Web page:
On other counts, Graeber is so anti-civilization (indeed as mentioned earlier Graeber’s bureaucracy is very much synonymous with our civilization) that he very much agrees with Donald Trump. The latter single handedly is attempting to dismantle the Bretton Woods order (World Bank, IMF, WTO) associated with rapid globalization that has generated a remarkable increase in world trade, GDP, and living standards while preventing any major international conflicts ever since WWII. Graeber abhors this collective system of international “bureaucracies” without acknowledging their mentioned respective achievements.

Graeber is a nihilist. And, he reminds me of Yuval Noah Harari, a historian, who wrote almost an entire book on how devastating the invention of agriculture was to humankind (“Sapiens”). Just as Graeber wrote this whole book of how devastating civilization is to civilization. They don’t make any sense.

Thanks to the review of StarGladiator, I checked out THE UTOPIA OF RULES. It is the most-recent book by Occupy Wall Street activist academic anthropologist anarchist David Graeber, and it was a pleasure to read. Graeber moves effortlessly between history, sociology, feminist theory, comic books, movies, anthropological field work and personal anecdotes. There aren't many thinkers who can display such erudition and in a style that is accessible. What you should come away with is a deeper understanding how the state works at the most basic of levels. Violence. All these rules that the state is forever promulgating, as our lives grow ever more complicated with "paperwork," Graeber reminds us, it is all built, both implicitly and explicitly, on violence.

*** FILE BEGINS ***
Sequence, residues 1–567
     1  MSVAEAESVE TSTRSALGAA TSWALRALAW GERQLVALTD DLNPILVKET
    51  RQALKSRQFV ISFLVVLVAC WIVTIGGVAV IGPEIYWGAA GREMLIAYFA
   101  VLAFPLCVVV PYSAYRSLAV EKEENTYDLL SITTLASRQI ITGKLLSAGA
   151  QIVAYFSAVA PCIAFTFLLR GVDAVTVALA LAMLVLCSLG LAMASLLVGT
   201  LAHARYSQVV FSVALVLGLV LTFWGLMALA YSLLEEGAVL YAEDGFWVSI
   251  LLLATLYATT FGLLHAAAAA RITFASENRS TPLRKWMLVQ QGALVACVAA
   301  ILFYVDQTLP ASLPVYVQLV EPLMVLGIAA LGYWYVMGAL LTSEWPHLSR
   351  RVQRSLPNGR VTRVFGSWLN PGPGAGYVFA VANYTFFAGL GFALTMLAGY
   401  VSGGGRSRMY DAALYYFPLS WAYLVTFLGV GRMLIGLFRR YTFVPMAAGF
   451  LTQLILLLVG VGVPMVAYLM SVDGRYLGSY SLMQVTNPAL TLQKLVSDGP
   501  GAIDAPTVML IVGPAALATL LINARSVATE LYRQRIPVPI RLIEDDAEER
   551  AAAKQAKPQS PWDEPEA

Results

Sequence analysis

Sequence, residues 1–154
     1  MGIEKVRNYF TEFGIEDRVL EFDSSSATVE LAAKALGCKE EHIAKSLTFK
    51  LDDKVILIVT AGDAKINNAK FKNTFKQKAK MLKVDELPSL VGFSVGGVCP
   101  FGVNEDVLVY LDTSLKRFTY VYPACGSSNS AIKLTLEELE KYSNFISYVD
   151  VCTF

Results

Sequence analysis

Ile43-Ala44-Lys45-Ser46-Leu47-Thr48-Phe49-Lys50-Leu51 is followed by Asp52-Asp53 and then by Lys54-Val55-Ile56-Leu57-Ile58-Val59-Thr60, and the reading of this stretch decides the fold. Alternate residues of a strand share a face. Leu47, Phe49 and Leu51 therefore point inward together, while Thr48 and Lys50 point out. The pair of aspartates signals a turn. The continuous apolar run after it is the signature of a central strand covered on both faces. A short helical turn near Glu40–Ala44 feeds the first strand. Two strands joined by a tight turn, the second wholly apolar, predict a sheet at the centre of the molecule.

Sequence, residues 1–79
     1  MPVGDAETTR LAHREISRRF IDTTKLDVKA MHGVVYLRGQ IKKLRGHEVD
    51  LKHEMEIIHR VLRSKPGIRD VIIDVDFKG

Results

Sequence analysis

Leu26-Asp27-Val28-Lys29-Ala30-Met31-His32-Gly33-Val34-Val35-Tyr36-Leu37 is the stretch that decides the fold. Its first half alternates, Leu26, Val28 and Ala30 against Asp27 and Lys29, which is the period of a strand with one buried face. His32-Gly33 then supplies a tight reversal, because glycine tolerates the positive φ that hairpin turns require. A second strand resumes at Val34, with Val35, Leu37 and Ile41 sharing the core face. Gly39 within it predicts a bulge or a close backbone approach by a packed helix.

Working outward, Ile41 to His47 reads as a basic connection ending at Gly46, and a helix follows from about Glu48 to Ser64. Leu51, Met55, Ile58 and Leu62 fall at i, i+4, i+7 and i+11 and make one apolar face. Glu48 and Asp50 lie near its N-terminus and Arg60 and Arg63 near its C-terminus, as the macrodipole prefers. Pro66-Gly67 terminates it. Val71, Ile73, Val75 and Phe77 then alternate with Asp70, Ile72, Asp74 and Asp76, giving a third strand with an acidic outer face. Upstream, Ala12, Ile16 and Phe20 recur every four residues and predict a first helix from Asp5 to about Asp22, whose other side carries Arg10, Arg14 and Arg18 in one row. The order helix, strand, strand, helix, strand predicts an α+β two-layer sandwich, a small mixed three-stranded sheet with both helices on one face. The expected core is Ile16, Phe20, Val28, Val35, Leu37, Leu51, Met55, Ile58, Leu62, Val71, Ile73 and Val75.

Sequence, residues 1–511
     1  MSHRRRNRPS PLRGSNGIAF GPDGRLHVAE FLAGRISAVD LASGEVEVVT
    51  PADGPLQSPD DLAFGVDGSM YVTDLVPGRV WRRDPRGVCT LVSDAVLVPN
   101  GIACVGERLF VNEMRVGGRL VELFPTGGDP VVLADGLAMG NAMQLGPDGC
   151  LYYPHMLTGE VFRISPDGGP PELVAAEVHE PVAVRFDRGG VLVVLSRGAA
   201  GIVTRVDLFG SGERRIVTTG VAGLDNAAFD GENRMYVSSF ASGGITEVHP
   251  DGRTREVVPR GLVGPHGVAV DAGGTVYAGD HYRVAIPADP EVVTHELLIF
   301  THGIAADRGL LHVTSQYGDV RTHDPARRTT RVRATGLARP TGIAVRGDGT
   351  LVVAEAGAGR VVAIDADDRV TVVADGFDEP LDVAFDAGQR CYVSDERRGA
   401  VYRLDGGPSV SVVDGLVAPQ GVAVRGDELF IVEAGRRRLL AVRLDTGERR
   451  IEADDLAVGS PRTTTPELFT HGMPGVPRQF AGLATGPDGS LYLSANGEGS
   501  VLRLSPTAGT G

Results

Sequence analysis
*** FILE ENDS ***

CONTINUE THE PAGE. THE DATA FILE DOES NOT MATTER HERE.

s
StarGladiator
Mar 21, 2015

Truly a delightful and brilliant book, as to be expected from anthropologist/anarchist, Prof. David Graeber. My one criticim of this brilliant thinker, on p. 129, when he suggests that neoliberalism created a new form of predatory capitalism, I would say it was the opposite: neoliberalism was the creation of predatory capitalists, the purging of real liberals and the transformation of the amoral to faux crats. Several pages later, in typically brilliant style, Prof. G. explains that research and academia have been decimated by the corporatization of research, and the corporatization of academia. [Just recently the senior editor of Lancet, a prestigious British science publication, stated that about one-half of published science was fiction.]
My own example: when AT&T's Bell Labs, exempted from market competition, produced so many innovations and inventions [ref: The New Prophets of Capital, by Nicole Aschoff], but then many of those innovations were kept off the market as AT&T's management feared they would interfere with existing product lines - - we could have had the cell phone 20 years soon! [ref: The Master Switch, by Tim Wu]
On p. 146, Prof. G. states:
// . . . is that invention and true innovation will not happen within the framework of contemporary corporate capitalism -- or most likely, any form of capitalism at all. \\
One is reminded at the failure to establish a city-wide monorail system in Seattle due to the countermeasures and resistance of the Community Development Roundtable.